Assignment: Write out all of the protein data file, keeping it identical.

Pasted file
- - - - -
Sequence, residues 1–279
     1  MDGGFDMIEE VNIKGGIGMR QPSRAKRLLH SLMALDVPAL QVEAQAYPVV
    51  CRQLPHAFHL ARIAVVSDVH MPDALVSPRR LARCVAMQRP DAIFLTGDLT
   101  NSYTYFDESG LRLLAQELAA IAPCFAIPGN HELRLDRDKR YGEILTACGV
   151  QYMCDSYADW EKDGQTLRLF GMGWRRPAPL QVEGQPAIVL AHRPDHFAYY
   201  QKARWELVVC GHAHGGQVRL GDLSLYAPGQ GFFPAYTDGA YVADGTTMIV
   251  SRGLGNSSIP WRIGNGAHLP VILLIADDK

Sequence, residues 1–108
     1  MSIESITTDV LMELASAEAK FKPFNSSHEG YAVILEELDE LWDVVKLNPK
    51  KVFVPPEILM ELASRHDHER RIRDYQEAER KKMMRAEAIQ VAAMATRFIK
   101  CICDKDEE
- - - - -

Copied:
Sequence, residues 1–279
     1  MDGGFDMIEE VNIKGGIGMR QPSRAKRLLH SLMALDVPAL QVEAQAYPVV
    51  CRQLPHAFHL ARIAVVSDVH MPDALVSPRR LARCVAMQRP DAIFLTGDLT
   101  NSYTYFDESG LRLLAQELAA IAPCFAIPGN HELRLDRDKR YGEILTACGV
   151  QYMCDSYADW EKDGQTLRLF GMGWRRPAPL QVEGQPAIVL AHRPDHFAYY
   201  QKARWELVVC GHAHGGQVRL GDLSLYAPGQ GFFPAYTDGA YVADGTTMIV
   251  SRGLGNSSIP WRIGNGAHLP VILLIADDK

Sequence, residues 1–108
     1  MSIESITTDV LMELASAEAK FKPFNSSHEG YAVILEELDE LWDVVKLNPK
    51  KVFVPPEILM ELASRHDHER RIRDYQEAER KKMMRAEAIQ VAAMATRFIK
   101  CICDKDEE